Pesticides On Cassava Root Likely to Have Killed Children
(Beyond Pesticides, March 16, 2005) According to the Associated Press (AP), laboratory tests show that 27 schoolchildren in the Philippines who died after eating cassava roots last week were poisoned with pesticide, health experts announced on March 14, 2005.
It was widely reported in the media earlier this week that authorities assumed that the children were sickened with cyanide poisoning that occurs if cassava roots are improperly cooked. However, Health Secretary Manuel Dayrit told a news conference that tests showed pesticide was likely the cause. "This means that it's very much possible that the food was prepared in an environment that was highly toxic and contaminated with chemical poisons and bacteria," Mr. Dayrit told the AP.
University of the Philippines toxicologists Lyn Panganiban and Irma Macalinao and epidemiologist Troy Gepte said tests on cassava snack samples as well as an analysis of the response of patients to treatment indicated a carbamate pesticide may have contaminated the cassava. Carbamate pesticide is a commonly used in farms and households in the region where the poisoning occurred.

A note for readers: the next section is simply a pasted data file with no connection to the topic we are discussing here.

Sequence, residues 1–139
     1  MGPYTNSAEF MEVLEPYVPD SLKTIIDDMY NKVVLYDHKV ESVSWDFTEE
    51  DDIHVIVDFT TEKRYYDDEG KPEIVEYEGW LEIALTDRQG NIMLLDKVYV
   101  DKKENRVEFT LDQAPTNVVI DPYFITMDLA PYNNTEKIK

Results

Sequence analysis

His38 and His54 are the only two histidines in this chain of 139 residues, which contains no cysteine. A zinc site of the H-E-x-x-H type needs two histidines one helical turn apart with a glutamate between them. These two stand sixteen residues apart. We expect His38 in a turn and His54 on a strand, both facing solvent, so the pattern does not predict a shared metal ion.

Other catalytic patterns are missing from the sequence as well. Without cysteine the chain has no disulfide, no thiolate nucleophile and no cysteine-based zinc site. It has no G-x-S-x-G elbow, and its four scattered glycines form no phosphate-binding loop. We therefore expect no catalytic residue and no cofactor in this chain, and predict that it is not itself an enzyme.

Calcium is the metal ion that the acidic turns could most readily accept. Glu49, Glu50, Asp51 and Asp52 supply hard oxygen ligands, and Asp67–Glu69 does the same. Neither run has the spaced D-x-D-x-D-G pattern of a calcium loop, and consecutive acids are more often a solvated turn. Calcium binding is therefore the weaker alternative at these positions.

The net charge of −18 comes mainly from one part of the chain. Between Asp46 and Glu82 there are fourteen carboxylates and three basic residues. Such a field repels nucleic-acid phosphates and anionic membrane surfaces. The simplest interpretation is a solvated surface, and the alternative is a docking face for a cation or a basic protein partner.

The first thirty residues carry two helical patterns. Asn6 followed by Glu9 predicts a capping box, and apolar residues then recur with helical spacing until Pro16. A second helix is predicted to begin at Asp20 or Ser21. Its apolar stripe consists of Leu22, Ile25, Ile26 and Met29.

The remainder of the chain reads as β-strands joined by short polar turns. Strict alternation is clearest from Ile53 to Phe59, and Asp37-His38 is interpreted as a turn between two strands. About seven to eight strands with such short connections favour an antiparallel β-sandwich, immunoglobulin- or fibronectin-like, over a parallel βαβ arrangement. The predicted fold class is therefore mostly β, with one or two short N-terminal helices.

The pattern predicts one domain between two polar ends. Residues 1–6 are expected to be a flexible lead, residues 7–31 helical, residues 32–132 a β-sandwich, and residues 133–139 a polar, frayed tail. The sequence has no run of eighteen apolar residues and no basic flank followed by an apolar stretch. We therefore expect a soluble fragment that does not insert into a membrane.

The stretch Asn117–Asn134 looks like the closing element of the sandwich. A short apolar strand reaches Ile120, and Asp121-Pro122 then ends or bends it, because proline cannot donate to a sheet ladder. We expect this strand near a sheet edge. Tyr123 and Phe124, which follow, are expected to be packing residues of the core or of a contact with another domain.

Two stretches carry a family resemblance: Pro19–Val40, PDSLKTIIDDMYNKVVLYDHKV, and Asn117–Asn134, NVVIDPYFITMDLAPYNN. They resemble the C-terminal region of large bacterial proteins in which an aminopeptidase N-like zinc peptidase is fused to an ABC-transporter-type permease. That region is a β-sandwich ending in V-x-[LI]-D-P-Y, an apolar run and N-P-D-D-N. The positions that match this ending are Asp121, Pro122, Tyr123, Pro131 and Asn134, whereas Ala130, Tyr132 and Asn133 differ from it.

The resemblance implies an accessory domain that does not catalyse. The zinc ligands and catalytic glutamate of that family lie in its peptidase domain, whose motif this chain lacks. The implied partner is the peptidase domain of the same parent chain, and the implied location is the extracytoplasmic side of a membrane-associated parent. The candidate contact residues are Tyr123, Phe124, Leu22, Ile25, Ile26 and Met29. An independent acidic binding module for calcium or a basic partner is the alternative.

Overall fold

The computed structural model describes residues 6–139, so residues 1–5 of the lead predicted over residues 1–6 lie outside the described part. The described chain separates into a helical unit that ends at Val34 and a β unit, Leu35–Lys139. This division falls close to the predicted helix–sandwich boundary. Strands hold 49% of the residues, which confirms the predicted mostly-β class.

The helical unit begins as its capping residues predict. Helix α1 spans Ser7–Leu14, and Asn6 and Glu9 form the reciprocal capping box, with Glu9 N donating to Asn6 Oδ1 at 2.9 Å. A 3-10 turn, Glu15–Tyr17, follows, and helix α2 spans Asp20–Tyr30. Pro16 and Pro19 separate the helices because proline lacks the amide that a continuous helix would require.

Mr. Gepte told the AP that health officials need to continue the investigation in coordination with the National Bureau of Investigation and other government agencies to conclusively determine how the poisoning occurred.
The carbamate family of insecticides, often highly toxic to humans, is widely used in homes, garden and agriculture. Pesticides in the carbamate family include aldicarb (Temik), bendiocarb, carbaryl (Sevin), carbofuron, fenoxycarb, methomyl, pirimicarb and propoxur. In 1996, 1030 cases of carbamate pesticide poisonings, including 202 cases involving children, were reported to the American Association of Poison Control Centers, although far more poisonings occur each year than are actually reported.
Like organophosphate insecticides, carbamates are also cholinesterase inhibitors and in cases of double exposure, the effects would be additive. Carbamates cause the reversible carbamylation of the acetylcholinesterase enzyme, allowing accumulation of acetylcholine in the central nervous system. While the symptoms of carbamate and organophosphate poisoning are identical and may be equally severe, carbamate poisoning generally runs a shorter course.